France To Partner With Kenyan Varsities
The French government through the French Agency for Development (FAD) will soon extend a concessional loan facility to Kenya to support local universities’ expansion projects.
This project has been initiated and coordinated in partnership with the Ministry of Education, Science and Technology.
The French Ambassador to Kenya, Mr Rémi Maréchaux noted that the rapid expansion of local universities requires heavy capital investment to ensure quality education and training is offered for Kenya to achieve its development plans.
The ambassador made the remarks when he delivered a well-attended public lecture at TU-K on Friday December 4, 2015 with the theme: "Bilateral Relations Between Kenya and France".
He said his government was planning a meeting in Paris for at least 8 university vice-chancellors from Kenya to meet with their counterparts from French universities to deliberate on possible areas of collaboration to share synergies. The ambassador extended the invitation to TU-K VC, Prof Francis Aduol to be part of the Kenyan delegation to Paris in March 2016.
Mr Maréchaux also disclosed that TU-K Chancellor, Manu Chandaria, a while ago, challenged him to explain what France could do to improve capacity of Kenyan universities in training graduates with right industry skills.
The envoy said his government will continue issuing scholarships to Kenyan universities’ members of staff and students to pursue advanced studies in various disciplines in line with an agreement recently signed with the Ministry of Education, Science and Technology.The partnership will make it possible for student exchange programmes between Kenyan and French universities to give them international exposure. Scholars from both Kenya and France will also engage in joint research projects that would be funded by French and Kenyan governments to advance knowledge (through the PAMOJA Hubert Curien Partnership).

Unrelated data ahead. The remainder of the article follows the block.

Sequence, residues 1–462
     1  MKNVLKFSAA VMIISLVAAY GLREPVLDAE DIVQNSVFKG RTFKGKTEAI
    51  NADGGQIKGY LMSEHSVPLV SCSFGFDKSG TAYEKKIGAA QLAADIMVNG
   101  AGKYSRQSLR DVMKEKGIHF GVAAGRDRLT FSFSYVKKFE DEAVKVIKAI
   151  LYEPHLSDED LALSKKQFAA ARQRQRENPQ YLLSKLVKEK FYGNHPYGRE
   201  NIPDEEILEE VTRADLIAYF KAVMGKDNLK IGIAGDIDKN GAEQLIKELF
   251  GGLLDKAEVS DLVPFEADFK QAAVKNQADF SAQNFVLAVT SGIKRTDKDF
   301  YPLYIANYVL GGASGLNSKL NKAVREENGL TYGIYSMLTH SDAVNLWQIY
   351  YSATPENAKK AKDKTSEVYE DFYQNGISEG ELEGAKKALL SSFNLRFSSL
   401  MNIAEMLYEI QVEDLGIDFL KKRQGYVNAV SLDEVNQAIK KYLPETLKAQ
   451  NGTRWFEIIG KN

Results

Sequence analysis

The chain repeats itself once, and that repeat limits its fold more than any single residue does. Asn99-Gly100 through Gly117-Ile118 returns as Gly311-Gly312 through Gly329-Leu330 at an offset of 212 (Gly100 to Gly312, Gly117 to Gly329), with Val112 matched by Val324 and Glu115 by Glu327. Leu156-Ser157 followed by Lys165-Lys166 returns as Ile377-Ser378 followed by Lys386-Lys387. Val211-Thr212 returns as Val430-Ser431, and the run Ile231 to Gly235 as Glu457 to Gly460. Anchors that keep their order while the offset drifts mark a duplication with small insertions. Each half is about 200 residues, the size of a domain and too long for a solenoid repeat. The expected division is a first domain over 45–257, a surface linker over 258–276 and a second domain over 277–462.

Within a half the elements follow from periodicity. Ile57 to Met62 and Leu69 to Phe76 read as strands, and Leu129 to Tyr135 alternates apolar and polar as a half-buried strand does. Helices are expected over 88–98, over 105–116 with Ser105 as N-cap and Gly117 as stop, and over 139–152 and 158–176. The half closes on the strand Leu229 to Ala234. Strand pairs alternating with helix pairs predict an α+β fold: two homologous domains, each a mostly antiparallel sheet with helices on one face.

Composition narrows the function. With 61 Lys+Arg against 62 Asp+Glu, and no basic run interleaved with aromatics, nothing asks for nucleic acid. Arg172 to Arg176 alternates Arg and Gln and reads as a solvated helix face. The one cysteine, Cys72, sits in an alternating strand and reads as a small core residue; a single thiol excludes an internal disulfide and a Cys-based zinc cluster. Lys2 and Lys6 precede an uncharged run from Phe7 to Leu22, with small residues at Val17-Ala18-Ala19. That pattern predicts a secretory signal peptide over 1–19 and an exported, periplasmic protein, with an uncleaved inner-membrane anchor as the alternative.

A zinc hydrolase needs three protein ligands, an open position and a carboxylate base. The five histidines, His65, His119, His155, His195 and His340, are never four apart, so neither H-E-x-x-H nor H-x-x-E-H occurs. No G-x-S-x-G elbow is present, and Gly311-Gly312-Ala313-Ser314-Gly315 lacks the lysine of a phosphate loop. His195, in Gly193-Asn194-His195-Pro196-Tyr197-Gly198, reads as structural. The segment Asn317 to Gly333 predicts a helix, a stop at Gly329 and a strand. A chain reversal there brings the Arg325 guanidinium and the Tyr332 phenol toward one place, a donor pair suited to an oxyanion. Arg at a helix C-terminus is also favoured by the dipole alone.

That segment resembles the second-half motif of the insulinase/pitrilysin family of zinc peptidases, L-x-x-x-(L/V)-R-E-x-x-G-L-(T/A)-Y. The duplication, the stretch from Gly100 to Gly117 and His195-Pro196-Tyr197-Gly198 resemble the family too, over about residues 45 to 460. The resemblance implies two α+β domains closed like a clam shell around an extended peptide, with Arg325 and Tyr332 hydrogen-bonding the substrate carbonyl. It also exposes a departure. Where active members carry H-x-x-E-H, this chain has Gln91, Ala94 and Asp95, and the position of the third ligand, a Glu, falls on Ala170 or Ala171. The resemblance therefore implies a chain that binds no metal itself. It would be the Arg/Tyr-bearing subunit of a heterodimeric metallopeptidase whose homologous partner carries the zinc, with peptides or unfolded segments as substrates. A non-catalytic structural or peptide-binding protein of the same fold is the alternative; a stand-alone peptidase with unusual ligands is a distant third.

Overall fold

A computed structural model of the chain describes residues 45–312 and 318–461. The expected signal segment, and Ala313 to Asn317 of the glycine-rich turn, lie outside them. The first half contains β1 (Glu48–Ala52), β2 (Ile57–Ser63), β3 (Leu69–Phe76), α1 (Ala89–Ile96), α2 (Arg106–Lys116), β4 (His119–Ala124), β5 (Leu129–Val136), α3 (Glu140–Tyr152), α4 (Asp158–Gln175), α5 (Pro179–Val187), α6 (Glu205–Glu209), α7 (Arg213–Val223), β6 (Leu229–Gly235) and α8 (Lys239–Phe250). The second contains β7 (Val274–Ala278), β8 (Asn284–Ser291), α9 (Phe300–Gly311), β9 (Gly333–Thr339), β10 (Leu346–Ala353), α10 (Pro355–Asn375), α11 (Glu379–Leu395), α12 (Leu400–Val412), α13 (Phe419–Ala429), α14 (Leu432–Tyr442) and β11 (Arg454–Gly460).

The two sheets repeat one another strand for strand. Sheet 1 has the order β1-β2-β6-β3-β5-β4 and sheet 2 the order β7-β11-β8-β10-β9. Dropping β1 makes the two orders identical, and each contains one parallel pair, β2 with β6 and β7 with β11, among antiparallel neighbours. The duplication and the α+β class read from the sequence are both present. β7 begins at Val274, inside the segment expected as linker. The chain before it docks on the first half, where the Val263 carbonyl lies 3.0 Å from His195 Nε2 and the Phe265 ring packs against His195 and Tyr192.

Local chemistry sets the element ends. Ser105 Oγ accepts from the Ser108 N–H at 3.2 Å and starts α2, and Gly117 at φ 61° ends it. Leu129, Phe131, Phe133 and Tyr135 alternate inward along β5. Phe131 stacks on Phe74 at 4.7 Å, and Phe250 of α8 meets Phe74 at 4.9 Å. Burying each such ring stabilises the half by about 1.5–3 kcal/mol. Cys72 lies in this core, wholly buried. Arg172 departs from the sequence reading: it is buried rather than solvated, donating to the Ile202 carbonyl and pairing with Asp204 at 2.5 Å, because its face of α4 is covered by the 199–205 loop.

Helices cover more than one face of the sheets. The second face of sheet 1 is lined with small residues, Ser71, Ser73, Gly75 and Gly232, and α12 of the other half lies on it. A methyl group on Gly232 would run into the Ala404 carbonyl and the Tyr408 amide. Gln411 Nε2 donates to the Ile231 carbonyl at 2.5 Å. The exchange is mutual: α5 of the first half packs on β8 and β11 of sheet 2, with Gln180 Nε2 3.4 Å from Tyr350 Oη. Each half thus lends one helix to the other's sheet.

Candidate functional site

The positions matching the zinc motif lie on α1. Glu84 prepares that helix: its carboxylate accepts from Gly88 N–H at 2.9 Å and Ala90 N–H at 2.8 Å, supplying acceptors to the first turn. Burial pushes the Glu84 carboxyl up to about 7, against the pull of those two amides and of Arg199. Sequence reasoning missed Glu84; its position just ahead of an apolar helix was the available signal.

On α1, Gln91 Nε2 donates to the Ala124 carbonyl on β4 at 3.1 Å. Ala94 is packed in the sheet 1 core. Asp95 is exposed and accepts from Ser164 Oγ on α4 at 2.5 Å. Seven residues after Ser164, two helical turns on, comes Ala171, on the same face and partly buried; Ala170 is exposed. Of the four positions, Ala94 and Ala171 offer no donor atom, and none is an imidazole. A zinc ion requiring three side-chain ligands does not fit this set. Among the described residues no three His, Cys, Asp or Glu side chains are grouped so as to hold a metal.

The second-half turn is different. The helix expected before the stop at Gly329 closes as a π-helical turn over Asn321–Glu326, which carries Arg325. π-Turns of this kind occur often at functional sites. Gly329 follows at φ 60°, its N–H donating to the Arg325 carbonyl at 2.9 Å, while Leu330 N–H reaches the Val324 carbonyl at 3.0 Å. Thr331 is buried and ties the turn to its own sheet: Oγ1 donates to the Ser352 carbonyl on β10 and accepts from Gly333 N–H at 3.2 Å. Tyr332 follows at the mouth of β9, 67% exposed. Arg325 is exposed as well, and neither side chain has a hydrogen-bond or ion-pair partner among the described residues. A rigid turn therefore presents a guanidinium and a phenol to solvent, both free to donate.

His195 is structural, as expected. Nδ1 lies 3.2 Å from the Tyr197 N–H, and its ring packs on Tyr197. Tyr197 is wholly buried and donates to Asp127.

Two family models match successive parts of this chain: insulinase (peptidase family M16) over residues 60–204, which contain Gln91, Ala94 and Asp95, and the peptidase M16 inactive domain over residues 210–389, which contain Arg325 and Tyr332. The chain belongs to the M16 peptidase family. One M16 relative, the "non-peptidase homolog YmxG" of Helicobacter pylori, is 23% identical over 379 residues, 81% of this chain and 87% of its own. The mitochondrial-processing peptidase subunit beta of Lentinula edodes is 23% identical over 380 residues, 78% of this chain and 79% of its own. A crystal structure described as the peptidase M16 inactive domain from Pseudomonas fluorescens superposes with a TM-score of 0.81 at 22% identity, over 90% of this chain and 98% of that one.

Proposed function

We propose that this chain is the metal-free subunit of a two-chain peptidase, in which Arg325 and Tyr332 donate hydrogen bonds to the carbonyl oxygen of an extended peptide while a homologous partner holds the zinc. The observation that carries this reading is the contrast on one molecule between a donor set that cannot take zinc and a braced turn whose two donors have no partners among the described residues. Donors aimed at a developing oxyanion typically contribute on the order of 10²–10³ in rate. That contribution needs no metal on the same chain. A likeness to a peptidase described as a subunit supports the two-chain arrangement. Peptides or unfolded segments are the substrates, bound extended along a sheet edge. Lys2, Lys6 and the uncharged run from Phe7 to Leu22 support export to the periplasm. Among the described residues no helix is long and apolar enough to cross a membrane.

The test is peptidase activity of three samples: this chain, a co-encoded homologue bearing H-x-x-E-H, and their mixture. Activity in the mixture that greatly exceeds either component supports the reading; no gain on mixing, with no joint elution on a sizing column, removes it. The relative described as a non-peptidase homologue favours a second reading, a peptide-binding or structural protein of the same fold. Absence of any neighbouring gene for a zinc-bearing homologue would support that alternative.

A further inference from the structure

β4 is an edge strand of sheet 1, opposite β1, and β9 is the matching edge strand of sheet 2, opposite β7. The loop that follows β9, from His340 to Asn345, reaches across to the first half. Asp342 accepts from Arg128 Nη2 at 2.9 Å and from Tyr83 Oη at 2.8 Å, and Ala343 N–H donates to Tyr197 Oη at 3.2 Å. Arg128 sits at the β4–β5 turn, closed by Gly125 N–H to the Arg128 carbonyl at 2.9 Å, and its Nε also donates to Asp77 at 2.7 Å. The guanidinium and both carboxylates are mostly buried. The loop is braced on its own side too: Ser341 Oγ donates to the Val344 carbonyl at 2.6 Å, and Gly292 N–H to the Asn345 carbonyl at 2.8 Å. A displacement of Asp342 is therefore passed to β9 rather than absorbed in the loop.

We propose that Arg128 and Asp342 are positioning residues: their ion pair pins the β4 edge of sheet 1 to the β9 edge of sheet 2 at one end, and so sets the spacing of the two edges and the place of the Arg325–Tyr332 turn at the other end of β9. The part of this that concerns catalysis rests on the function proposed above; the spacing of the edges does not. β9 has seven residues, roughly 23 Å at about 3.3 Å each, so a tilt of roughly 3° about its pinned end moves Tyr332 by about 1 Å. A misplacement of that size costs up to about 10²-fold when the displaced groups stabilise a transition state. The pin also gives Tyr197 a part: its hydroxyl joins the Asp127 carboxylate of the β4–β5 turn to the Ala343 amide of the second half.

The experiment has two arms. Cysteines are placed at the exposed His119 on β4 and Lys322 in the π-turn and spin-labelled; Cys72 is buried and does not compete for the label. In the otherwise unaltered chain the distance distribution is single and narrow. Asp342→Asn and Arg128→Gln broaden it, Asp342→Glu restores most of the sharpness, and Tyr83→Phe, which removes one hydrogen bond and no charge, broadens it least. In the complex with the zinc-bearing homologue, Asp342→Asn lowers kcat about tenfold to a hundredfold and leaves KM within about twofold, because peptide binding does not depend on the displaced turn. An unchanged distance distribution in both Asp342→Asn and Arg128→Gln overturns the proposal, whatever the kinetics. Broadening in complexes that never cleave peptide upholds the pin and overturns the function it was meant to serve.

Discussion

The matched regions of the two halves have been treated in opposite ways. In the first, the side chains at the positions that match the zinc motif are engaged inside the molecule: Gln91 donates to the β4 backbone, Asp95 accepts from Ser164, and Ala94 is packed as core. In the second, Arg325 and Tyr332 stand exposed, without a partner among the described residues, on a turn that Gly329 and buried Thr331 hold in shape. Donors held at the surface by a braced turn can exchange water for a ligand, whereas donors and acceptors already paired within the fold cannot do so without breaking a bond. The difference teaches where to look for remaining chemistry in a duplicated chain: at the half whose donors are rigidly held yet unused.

“The partnership between some of the best universities in France and Kenya will allow students from both countries to study in the host university for a short period, learn the culture, languages and overall gain global knowledge and skills,” said Maréchaux.
Mr Maréchaux said France was keen in working with Kenya in the fight against terrorism as fronted by Al Shabab and Islamic State which have in the recent past carried out deadly attacks against innocent civilians in the two countries.
The envoy denied that France had issued travel warning against its nationals after Garissa University College was attacked by members of Al Shabab in April 2015 in which more than 140 students were killed.
He specified that the French Ministry of Foreign Affairs and International Development publishes and permanently updates travel advices for 192 countries all over the world. The travel advice concerning Kenya is easy to access on its official website and does not warn tourists against visiting Kenya.
He said France was open to investors especially in the agricultural sector where Kenya would be having a comparative advantage. The envoy further noted that French companies with a presence in Kenya had increased from 32 three years ago to over 70 in 2015.
“Some of the companies such as Lafarge, which produces Bamburi Cement has the Managing Director as the only expatriate while the rest of the staff are Kenyans. “We believe in giving a chance to Kenyans with the right skills to work in French-owned companies operating locally and internationally,” said Maréchaux.
TU-K VC, Prof Francis Aduol thanked him for being the first-ever French ambassador to visit and deliver a public lecture at TU-K.